QUITO (Reuters) -- Ecuador's strongest earthquake in decades, a 7.8 magnitude tremor, struck off the Pacific coast on Saturday, killing at least 41 people and causing damage near the epicenter as well as in the largest city of Guayaquil.
President Rafael Correa declared a national emergency and urged the Andean nation's 16 million people to stay calm.
"Our infinite love to the families of the dead," he said on Twitter, while cutting short a trip to Italy to return home.
Se reporta caída de torre de control en aeropuerto de Manta. pic.twitter.com/23c80IQxrY
— Luis Quimis Arteaga (@luchoquimis) April 17, 2016
Authorities urged people to evacuate coastal areas for fear of rising tides. Alarmed residents streamed into the streets of the highland capital Quito, hundreds of kilometers (miles) away, and other towns across the nation.
The government said the death toll would likely rise and damages were "serious," especially in the western coastal areas nearest the quake and in Guayaquil.
"Unfortunately, up to the moment there are 41 citizens who have lost their lives," said Vice President Jorge Glas, noting that it was the strongest quake to hit Ecuador since 1979.
The quake struck early evening at a depth of 20 km (12.4 miles), and was felt all around the country.
— Business Insider (@businessinsider) April 17, 2016
"There are villages that are totally devastated," said Gabriel Alcívar, mayor of the city of Pedernales in the hard-hit province of Manabi, in a radio interview. "What happened here in Pedernales is catastrophic."
Ramón Solorzano, 46, a car parts merchant in the city of Manta, said he was getting ready to leave the city with his family.
"Most people are out in the streets with backpacks on, heading for higher ground," he said, speaking in a trembling voice via a WhatsApp phone call. "The streets are cracked. The power is out and phones are down."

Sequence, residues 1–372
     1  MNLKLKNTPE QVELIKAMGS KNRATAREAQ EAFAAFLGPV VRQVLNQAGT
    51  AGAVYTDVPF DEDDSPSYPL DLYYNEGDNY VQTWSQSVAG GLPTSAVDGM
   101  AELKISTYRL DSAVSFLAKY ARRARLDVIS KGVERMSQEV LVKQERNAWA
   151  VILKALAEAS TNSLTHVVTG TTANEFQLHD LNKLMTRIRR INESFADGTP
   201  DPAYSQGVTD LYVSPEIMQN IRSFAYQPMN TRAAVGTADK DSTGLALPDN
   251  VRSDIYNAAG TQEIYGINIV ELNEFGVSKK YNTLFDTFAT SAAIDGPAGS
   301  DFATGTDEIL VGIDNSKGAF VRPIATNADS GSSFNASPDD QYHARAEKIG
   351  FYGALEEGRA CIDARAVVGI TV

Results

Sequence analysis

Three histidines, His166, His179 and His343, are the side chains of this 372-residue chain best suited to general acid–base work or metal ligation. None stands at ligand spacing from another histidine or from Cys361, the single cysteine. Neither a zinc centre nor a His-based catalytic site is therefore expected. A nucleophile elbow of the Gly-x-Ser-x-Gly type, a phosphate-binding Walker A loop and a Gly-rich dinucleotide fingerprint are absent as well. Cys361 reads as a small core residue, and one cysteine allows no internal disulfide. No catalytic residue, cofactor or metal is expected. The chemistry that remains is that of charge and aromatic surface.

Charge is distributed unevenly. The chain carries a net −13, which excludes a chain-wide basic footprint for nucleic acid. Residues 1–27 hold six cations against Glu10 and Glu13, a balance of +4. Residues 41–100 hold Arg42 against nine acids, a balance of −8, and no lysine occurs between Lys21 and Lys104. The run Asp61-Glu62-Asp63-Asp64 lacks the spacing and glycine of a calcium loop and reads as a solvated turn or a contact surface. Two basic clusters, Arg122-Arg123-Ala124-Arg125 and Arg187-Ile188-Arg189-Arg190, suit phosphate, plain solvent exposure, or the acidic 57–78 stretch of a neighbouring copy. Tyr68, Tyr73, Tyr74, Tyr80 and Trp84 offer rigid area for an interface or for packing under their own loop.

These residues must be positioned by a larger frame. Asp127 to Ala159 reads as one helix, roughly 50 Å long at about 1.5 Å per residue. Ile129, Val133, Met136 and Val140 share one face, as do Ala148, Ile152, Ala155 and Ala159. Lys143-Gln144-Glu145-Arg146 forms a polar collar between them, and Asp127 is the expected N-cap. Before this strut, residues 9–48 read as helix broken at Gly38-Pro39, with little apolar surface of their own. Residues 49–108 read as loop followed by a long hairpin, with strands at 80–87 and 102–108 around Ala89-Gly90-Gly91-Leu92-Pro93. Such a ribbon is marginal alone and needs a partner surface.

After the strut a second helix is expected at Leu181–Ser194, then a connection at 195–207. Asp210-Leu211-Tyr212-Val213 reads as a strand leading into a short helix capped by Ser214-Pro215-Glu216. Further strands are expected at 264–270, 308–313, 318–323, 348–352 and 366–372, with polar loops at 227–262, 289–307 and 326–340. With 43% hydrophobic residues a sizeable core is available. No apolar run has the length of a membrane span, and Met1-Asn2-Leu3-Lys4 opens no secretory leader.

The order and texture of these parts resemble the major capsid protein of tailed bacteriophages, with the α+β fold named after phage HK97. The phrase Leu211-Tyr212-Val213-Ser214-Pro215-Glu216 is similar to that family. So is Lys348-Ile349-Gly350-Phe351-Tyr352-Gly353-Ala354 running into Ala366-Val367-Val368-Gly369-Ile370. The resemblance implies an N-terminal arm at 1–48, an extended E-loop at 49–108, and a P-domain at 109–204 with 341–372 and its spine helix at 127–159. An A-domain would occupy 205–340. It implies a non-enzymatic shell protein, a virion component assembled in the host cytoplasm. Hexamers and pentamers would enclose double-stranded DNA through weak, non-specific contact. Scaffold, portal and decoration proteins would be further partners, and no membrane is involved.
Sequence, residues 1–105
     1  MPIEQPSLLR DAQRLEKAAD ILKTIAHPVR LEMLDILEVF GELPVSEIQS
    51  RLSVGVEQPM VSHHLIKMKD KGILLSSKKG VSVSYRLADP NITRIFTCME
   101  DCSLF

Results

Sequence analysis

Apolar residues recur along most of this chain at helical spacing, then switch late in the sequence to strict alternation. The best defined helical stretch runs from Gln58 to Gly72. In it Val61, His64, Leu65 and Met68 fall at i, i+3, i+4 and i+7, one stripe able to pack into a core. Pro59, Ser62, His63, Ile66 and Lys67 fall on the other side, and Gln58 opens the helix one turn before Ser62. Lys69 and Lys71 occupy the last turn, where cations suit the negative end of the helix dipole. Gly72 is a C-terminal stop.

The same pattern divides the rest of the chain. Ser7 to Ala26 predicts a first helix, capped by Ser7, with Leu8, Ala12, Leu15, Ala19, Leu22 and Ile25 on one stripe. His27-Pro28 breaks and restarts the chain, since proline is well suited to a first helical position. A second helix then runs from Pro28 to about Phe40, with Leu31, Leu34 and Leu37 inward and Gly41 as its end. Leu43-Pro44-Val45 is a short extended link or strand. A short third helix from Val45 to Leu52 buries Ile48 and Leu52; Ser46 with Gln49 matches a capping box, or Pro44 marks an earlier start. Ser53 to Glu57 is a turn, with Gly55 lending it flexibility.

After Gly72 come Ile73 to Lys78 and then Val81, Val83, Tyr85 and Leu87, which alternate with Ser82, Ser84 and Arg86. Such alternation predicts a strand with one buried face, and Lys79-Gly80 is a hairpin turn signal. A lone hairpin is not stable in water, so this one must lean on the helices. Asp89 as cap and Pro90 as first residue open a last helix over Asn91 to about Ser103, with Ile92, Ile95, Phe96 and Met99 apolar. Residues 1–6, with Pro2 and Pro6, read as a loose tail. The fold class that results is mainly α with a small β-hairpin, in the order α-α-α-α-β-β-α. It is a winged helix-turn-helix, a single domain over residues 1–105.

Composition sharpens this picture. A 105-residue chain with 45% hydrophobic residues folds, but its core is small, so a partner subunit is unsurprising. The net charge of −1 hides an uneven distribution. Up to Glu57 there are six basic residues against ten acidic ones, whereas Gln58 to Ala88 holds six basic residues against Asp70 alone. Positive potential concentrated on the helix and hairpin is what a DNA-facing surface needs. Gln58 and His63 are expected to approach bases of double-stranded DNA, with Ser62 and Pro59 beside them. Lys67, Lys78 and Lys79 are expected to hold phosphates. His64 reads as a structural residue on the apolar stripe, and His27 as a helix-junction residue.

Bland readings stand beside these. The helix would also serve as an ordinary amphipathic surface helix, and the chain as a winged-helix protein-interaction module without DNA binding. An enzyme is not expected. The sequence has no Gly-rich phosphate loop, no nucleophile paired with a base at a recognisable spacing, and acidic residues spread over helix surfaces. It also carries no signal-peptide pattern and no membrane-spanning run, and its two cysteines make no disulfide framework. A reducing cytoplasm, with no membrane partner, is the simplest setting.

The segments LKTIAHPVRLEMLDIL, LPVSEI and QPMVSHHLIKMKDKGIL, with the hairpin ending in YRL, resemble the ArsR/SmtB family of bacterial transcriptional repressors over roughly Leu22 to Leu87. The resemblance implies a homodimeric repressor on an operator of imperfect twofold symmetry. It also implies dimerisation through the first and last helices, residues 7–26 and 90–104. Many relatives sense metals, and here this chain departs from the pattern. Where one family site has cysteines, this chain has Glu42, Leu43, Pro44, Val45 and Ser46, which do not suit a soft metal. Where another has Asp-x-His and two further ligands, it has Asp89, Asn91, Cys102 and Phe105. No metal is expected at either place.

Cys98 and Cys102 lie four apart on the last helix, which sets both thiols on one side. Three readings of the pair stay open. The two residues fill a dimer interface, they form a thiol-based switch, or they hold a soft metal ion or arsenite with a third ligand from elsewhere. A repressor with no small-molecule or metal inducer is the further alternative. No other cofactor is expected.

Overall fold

Parts of the capital were without power or telephone service, with many communicating only via WhatsApp. Photos on social media showed cracks in the walls of shopping centers.
The capital's municipal government later said power had been restored and there were no reports of casualties in the city.
The Pacific Tsunami Warning Center said tsunami waves reaching 0.3 to 1 meter (one to three feet) above tide level were possible for some coastal areas of Ecuador.
State officials said the OPEC nation's oil production was not affected by the quake but that the principal refinery of Esmeraldas, located near the epicenter, had been halted as a precaution.
Social media pictures showed a collapsed bridge in Guayaquil and minor damage to the lobby of a hotel, as well as images of a collapsed control tower at an airport in the city of Manta.
"At first it was light, but it lasted a long time and got stronger," said Maria Jaramillo, 36, a resident of Guayaquil, describing windows breaking and pieces falling off roofs.
"I was on the seventh floor and the light went off in the whole sector, and we evacuated. People were very anxious in the street ... We left barefoot."
Across the Pacific in Japan, a 7.3 magnitude tremor struck Kumamoto province early Saturday, killing at least 32 people, injuring about a thousand and causing widespread damage, in the second major quake to hit the island of Kyushu in just over 24 hours. The first, late on Thursday, killed nine.
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